• The Dread Dormammu, ruler of the Dark Dimension and long-time foe of Doctor Strange. Pride and Ambition. Dormammu aesthetically actually is not very different from Strange in attire, as both utilize the Badass Longcoat. However, Dormammu is nonetheless a great challenge to Strange, as both are powerful sorcerers, but both also are willing to get their hands dirty in Good Old Fisticuffs. However, Dormammu is a Dimension Lord plain and simple, and his prideful desire to take Earth's dimension has led him to become Strange's Arch-Enemy, even with a more powerful Eldritch Abomination lurking out there. After all, pride is what Strange had to overcome in order to become Sorcerer Supreme, and Dormammu is dominated by his pride. Furthermore, his pride often leads him to making foolish decisions, like the time he stopped to beat Strange in a fist fight rather than obliterate him with his full magic power. Even more, while he might be a thinker, he is still a Smug Snake, leaving his complex plans constantly beaten down just because he stinks at Xanatos Speed Chess.
  • Obadiah Stane from Iron Man, especially in the movie. Greed and Envy. In addition to Bald of Evil, he is also rather tall and imposing, and is a smooth talker in contrast to Tony's more brash way of talking. While Tony is naive, and thus allows evil acts to happen through inaction, Obidiah is cunning and manipulative, causing many of the events in the storyline. Throughout the movie he pretends to be helping Tony Stark brave the wrath of the stockholders (after his decision to get out of the weapons business), while secretly closing him out. Partway through the movie, it is revealed that he not only is closing Tony out of the company, but he tried to kill him and is illegally trading weapons / dealing with terrorist organizations. Stane's Iron Monger suit in the movie also heavily contrasts with Stark's. While Stark's armor is sleek, colorful, and outfitted with weapons designed for efficiency and precision, the Iron Monger is grey, bulky, and heavily relies on Gatling guns, missiles, and excessive overkill. Stane is eventually brought down thanks to Stark's assistant, falling into the prototype arc reactor after he stole Tony's second miniature version.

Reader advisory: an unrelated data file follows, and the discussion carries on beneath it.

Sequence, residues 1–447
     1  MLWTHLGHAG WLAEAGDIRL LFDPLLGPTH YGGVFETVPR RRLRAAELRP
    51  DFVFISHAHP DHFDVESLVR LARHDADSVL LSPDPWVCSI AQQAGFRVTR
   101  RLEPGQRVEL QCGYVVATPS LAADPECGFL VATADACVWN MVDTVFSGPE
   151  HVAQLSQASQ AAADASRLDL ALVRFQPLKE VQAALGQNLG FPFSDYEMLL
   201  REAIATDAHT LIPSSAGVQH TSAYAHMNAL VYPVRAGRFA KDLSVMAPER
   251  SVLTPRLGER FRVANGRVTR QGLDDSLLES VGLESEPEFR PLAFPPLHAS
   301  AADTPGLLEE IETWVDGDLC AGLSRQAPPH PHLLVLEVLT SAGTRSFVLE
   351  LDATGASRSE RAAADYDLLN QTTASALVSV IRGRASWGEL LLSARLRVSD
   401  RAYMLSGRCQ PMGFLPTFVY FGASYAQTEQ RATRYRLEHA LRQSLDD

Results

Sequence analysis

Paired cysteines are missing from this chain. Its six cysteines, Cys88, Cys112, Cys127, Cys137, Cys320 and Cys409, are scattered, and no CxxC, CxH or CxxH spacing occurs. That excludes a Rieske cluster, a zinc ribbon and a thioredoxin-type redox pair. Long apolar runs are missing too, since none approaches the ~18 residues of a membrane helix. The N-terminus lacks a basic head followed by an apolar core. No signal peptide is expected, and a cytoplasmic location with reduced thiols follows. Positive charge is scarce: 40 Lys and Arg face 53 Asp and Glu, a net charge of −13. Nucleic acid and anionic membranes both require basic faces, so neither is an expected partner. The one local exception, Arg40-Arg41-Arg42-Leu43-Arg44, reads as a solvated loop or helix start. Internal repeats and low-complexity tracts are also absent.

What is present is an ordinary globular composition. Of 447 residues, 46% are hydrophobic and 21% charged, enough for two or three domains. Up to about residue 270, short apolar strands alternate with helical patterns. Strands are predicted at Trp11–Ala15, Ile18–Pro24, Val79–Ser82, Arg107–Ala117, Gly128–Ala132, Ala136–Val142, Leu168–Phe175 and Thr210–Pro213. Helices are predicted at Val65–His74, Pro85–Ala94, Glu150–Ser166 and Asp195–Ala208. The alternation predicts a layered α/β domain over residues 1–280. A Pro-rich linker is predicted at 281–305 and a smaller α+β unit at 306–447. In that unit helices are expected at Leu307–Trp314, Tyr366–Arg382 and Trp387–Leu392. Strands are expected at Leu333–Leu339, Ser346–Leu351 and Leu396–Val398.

• Red Skull. Ambition, Wrath and pure Hatred. The living embodiment of the horrific evil of Nazism, fed by a difficult childhood where murderous violence was his only release. Unlike Captain America, who is a direct warrior who inspires his fellows into fighting for the greater ideal of America while recognizing his nation's failings, The Red Skull is a manipulator and schemer who seduces his own followers with his foul ambitions of domination and extermination of all who dare oppose him, first in the name of the Third Reich and then for himself alone. He's evil enough that he's not only despised by heroes, but nearly every other comic book villain, and the Nazis themselves.